INDIGENOUS HEALTH IN INDIGENOUS HANDS
As a coalition for HCV elimination, we begin this work in the spirit of truth and reconciliation, recognizing the critical importance of cultural safety and acknowledging the harms of colonialism, including from within Ontario’s health system. Indigenous-specific recommendations were developed with guidance and wisdom from an Ontario working group, consisting of an Indigenous Elder, Indigenous healthcare providers and Indigenous community members, as well as a pan-Canadian, Indigenous-led initiative for HCV elimination being led by Waniska, an Indigenous research centre on HCV, HIV and other sexually transmitted and blood-borne infections.
The strength and wisdom of Indigenous peoples are key to the elimination of HCV in Ontario. Historical and present-day colonialism and trauma have resulted in significant health and social inequities including substance use and HCV among First Nations, Inuit and Métis people in Canada. Today, ongoing discrimination, stigma and racism create significant barriers for people to access life-saving health services. Despite this, Indigenous culture, community and self-determination are creating resilience and strength in enabling Indigenous peoples to address HCV.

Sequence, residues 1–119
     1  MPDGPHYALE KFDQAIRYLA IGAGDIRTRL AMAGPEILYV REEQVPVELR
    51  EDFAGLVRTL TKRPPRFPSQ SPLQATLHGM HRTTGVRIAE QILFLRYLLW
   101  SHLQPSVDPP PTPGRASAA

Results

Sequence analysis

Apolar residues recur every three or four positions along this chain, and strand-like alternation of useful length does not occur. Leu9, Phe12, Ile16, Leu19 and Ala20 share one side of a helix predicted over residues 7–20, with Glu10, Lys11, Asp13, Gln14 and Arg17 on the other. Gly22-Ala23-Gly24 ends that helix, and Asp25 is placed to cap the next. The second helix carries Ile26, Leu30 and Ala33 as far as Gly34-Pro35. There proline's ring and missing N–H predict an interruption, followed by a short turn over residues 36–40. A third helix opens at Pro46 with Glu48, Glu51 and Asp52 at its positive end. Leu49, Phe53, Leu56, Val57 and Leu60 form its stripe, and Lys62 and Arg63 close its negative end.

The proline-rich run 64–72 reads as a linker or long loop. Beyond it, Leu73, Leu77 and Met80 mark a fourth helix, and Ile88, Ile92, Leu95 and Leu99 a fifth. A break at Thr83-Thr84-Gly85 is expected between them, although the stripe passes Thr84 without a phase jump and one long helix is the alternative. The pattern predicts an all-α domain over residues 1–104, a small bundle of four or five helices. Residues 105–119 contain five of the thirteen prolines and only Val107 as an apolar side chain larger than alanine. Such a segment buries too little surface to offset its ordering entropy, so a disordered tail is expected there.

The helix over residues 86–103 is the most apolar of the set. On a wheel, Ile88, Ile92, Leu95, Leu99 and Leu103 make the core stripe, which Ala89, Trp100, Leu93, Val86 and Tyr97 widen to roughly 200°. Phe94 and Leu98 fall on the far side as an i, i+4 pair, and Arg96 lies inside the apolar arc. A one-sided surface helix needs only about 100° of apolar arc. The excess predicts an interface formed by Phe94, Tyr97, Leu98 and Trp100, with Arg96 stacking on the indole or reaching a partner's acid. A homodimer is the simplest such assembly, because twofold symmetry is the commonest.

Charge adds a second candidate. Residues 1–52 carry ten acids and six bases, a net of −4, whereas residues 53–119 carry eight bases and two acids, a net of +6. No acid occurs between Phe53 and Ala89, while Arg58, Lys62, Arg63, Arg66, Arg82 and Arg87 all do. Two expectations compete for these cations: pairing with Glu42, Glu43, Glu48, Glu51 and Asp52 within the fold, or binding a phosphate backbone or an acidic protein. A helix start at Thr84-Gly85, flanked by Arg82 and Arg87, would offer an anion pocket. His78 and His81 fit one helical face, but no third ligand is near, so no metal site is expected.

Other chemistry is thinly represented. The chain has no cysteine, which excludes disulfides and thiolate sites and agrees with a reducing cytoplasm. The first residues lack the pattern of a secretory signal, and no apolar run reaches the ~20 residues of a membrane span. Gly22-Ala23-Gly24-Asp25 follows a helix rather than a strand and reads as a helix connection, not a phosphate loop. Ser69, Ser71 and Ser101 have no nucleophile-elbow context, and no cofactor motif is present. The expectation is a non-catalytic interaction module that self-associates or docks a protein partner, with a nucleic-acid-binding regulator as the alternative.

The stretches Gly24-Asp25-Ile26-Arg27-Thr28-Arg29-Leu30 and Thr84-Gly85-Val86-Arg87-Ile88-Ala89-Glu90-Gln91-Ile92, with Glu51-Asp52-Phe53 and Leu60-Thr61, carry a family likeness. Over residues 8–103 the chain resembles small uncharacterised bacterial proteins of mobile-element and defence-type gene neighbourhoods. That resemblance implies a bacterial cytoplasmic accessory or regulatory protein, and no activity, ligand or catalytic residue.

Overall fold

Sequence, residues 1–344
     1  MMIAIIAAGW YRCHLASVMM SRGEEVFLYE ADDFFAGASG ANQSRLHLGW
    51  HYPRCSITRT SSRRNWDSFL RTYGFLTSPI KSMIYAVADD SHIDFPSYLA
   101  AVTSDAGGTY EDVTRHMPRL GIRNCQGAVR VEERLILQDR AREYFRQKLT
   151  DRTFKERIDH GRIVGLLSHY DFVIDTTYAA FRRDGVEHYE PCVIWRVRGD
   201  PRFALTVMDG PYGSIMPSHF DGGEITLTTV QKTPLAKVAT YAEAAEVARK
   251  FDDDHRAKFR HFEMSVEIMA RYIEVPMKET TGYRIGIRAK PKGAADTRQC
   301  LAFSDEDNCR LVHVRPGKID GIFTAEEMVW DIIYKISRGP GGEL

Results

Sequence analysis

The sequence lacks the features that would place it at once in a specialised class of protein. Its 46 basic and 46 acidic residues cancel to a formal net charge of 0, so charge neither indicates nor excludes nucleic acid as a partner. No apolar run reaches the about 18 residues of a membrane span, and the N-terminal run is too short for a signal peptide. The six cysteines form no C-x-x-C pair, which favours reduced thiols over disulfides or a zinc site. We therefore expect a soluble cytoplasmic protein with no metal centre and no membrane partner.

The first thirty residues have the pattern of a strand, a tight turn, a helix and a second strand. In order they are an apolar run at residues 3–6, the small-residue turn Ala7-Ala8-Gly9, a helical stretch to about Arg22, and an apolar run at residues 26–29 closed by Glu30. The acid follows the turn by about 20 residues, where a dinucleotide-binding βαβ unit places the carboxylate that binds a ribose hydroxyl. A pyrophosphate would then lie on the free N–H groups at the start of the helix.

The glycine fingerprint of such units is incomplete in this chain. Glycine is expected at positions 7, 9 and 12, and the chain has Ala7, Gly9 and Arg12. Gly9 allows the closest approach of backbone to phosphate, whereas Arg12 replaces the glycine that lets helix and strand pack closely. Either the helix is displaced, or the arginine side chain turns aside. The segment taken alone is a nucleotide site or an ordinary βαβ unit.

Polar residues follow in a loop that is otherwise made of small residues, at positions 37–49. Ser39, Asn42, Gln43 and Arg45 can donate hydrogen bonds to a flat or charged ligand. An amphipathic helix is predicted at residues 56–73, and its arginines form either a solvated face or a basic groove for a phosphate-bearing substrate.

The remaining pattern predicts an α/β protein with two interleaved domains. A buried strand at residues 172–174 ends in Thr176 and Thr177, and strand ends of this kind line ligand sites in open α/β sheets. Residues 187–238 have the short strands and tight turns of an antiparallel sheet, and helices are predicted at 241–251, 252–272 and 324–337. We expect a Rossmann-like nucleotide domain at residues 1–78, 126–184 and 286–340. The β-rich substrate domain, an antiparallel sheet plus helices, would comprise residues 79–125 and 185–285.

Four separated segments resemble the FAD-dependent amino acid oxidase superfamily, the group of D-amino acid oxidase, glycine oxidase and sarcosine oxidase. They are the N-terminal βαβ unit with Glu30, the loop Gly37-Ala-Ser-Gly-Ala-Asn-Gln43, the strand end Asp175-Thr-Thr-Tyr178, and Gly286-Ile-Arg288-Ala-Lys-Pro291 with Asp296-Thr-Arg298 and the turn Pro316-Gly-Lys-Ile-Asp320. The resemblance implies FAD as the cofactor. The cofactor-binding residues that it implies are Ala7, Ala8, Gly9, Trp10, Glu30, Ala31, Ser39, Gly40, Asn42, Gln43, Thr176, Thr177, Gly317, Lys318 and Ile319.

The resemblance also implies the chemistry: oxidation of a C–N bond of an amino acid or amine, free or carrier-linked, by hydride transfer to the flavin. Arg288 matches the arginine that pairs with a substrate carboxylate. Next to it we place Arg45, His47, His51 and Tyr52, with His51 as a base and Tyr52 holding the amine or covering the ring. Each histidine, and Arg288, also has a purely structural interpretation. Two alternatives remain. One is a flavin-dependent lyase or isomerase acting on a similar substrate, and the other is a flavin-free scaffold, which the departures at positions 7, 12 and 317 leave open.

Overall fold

Provincial HCV strategies need to meet the calls to action from Canada’s Truth and Reconciliation Commission, including funding and supporting programs that are Indigenous led and informed by Indigenous knowledge, as well as increasing cultural competency for non-Indigenous providers.
Wholistic well-being is important in First Nation, Inuit and Métis understandings of health, including physical, mental, emotional and spiritual elements.28 Indigenous healing and well-being strategies can aim to reconnect people to culture and incorporate Indigenous knowledge and practices that extend beyond Western concepts of disease.
Summary of recommendations
Support Indigenous-led, whole-person care that prioritizes involvement of Indigenous Elders, healers and community members, particularly in rural Indigenous communities. Ensure trauma-informed, culturally safe care can be delivered in mainstream health settings, including hiring of Indigenous staff and adequate training for non-Indigenous providers.
To see the full list of recommendations in this section, read the full report.